The Spy Who Dumped Me – Review

Kate McKinnon as Morgan and Mila Kunis as Audrey in The Spy Who Dumped Me – Courtesy of Universal Pictures.

When entering a film of this nature you need to understand a few things; this film is not designed to be an intellectually rewarding comedy, it is also not going to have a plot that leaves your head spinning in glorious ways as you leave the cinema – this is a quick and simple action comedy with the intention of getting out easy laughs, but this does not mean it should not be judged at the same level of quality as other well-made “quick laugh” movies.

The Spy Who Dumped Me follows the story of two women; Audrey (Mila Kunis), a lost woman who just got dumped by her boyfriend (who happened to be a spy) – Audrey finds this out and attempts to get to the bottom of it all, alongside her best friend Morgan (Kate McKinnon).

What about the comedy? Well, the characters throughout this film aren’t exactly interesting and many of the jokes they make don’t quite hit that punchline as much as they’d like to. It is all in the interactions; the interactions that the characters have with one-another are almost always the best part of a comedy. Saying something funny isn’t nearly as hysterical as reacting in funny ways to odd situations. Verbal jokes need to build and need a punchline that hits well (which they often don’t). I felt like if this film had used expressive humour more we may have a decent comedy on our hands. The Spy Who Dumped Me is absolutely as corny as it sounds, but does that mean it’s bad? Well, maybe, but it has its quirks, from the surprisingly well shot action sequences to the banter between characters, there are some genuine chuckles to be had.

However, much like the lead character, this film didn’t quite know what it is, and that was a major fault as the runtime began to drag; the sense of direction this film was taking left me feeling like it wouldn’t build to a satisfying conclusion, an assumption that was confirmed. This messy pace threw off the entire flow of the film and when the humour is often a little dry alongside it then it can lead to a film feeling extra long.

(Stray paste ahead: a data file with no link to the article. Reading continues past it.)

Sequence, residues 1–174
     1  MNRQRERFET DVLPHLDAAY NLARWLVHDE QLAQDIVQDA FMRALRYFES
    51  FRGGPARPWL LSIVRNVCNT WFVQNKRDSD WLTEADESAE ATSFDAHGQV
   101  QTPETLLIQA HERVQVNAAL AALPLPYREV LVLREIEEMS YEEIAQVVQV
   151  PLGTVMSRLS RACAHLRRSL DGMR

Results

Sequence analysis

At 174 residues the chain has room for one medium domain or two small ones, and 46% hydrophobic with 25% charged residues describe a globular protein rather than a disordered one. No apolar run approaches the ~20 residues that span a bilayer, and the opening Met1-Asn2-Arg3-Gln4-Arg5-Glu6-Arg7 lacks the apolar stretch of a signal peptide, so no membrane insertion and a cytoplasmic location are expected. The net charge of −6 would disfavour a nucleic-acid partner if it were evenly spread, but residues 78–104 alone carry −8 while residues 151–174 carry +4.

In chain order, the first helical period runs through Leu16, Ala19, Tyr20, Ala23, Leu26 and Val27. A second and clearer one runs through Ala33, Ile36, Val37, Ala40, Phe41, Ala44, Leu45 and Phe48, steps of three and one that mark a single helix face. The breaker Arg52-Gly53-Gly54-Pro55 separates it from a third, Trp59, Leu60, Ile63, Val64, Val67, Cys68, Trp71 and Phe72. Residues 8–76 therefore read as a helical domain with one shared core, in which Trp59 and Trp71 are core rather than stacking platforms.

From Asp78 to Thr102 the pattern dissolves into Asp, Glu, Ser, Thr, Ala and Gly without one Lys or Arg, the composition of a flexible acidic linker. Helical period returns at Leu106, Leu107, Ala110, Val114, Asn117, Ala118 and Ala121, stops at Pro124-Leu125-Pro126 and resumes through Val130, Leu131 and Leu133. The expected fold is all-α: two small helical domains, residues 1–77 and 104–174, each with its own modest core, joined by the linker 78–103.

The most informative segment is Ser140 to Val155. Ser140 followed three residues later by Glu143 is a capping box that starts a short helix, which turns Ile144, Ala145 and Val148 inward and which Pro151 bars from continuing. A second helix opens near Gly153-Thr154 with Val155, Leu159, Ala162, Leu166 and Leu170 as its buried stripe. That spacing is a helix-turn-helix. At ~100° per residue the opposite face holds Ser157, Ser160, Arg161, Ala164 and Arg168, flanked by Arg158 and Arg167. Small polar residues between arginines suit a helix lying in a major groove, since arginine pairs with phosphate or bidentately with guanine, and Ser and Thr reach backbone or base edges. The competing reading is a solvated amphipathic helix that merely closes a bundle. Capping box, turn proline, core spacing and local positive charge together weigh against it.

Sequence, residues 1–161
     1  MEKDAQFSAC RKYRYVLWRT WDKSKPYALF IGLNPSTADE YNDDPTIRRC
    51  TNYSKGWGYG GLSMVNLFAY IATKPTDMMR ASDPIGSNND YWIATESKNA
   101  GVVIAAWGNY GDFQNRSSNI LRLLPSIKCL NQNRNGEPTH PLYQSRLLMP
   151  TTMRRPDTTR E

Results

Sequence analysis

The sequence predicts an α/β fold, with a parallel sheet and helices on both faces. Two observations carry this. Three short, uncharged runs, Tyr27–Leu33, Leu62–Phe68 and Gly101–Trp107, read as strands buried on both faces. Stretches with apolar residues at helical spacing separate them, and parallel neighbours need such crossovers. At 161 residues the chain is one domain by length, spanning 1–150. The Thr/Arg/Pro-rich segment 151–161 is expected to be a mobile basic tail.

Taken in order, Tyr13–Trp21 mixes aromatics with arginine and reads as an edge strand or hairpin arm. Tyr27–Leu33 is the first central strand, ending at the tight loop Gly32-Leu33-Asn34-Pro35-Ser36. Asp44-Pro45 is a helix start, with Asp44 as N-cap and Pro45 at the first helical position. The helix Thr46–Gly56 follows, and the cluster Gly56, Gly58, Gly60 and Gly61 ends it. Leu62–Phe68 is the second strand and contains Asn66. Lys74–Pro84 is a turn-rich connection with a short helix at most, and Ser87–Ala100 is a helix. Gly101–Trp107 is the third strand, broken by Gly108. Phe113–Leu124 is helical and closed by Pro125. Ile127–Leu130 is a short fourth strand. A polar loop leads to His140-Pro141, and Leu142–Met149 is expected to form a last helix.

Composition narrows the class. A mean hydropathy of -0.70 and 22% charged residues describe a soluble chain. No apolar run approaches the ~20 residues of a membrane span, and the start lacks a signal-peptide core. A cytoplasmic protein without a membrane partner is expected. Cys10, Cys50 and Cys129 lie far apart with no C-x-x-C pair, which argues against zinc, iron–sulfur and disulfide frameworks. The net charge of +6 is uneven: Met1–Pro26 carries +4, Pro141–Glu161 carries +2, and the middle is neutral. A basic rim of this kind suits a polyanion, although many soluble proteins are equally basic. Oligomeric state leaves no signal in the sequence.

Mila Kunis can certainly act, but her range is showing its limits when she performs in these types of stories, it becomes difficult to distinguish her from her character in say Bad Moms 2 (2017) – as her personality and mannerisms remain very similar. Kate McKinnon has become one of the easier to handle comedy actresses that have come into the spotlight in recent years, while her character can be sometimes be insufferable, her performance mitigates these annoying qualities by a large margin; McKinnon plays the dim-witted friend in a lot of films, I hope to see her expand a little more into more diverse roles.

While the story faltered in its own areas, the action sequences provided some surprising expertise; that’s not to say the action was great, it was just much better than one would expect from a comedy of this nature and it’s clear that director Sussana Fogel at least tried and did what she could to provide some quality action without skimping. Visually this film is stable, we aren’t offered interesting and creative shots like what was seen in Game Night (2018) – but we do get some sequences that are admittedly well filmed.

The Spy Who Dumped Me is absolutely formulaic and full of shaky storytelling, but director Sussana Fogel did what she could with her own experience to provide a little bit more than the average action comedy, and while I can’t say she did a great job I can admit that she put effort in where many directors would have not. There are few secrets behind this action comedy – but despite its formulaic and transparent story, The Spy Who Dumped Me still manages to offer some laughs and surprising action sequences.

4.3/10

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